06 Jan New Year Resolutions 2021 – A Chess Perspective
Happy new year, chess maniacs!
Now that the new year has come, let’s bury everything bad that happened and face this year optimistically, which also means it’s also time for making new resolutions for self-improvement.
We do make new year’s resolutions like losing weight, be kinder, eat healthily, etc. but end up doing nothing fruitful. We make ridiculous goals, which we, anyway forget past February.
This year, let’s make a few practically possible resolutions that are simple, sound, and those that have small goals that have a high impact on your future gameplay. That means, let’s not over-promise ourselves; playing 50 games every day is a ridiculous resolution to have; you will be disappointed when 2021 will roll around.
Resolutions are a great way to focus on self-improvement and focus. And, that is why we have a few suggestions for you. But, before we go through the list, we want you to keep these things in mind no matter what and how many resolutions you choose:
Simplicity : The key to the success of your new years’ resolution is the simplicity of the resolution you have promised, which will increase the chances of success and keep you motivated.
Realistic : A resolution must be a planned one to keep yourself in a calm state of mind and not rational. A practical resolution has higher chances of success.
Positive Impact : With the graph of your resolution directed towards the positive side, it should make you believe in yourself and keep your energy level up.
“What is measured is managed” – Make sure you set resolutions that are easily measured and tracked.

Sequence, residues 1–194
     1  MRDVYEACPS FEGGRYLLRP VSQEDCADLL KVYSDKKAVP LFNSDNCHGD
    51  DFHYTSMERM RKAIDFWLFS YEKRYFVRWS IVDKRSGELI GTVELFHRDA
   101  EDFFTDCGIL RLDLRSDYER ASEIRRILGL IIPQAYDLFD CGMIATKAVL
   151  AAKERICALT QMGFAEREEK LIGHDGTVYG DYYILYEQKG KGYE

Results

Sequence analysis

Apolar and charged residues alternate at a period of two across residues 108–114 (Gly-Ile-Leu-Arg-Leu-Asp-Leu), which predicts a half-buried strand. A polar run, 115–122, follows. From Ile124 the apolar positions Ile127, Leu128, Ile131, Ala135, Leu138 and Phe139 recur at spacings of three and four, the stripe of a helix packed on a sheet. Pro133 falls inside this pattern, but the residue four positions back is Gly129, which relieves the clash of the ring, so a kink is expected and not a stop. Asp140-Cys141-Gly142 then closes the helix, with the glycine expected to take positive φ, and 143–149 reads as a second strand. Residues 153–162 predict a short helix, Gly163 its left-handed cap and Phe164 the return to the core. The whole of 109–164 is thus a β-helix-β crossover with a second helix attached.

Don’t Give Up – If you miss a day, DO NOT give up! Track the progress you have made, learn, motivate, and start over.
With these in mind, here are some resolutions to help you improve at chess in the new year:
1 Play Tournaments
Playing various numbers and kinds of tournaments is an incomparable learning experience. Playing with friends at home is fun but playing, and winning tournaments makes you immensely proud, happy, overwhelmed, and delighted.
That’s not it!
It also helps you understand the game more and learn from your loss. So, why not make 2021 your year of learning through tournaments. We highly recommend the tournaments by Chess KLUB.
We follow the Swiss System. In this system, players in each section play against each other. No one gets eliminated. As you continue to win games, you face progressively stronger opposition players and those who were not successful play against each other. Towards the end of the event, you are likely to face players at your level. The more you play tournaments with players of different levels, the more you learn.
2 Play More Chess Puzzles
Do you solve puzzles daily?
Or, do you at least have your weekly goals set to solve a certain number of chess puzzles?
If not, set a goal and make sure you solve them every week. You will see an improvement in your tactical play and time management. Solving the puzzles will boost your self-confidence, and if you cannot solve them correctly, you will learn! Playing chess tournaments is good but, it’s highly recommendable that chess players of any level train chess tactics daily by practicing chess puzzles. No sportsperson performs well without exercising and maintaining fitness.
Well, here, it’s your brain at work.
So, practice, practice & practice!
3 Start Blogging or Streaming on Chess
The digital space is expanding at enormous rates.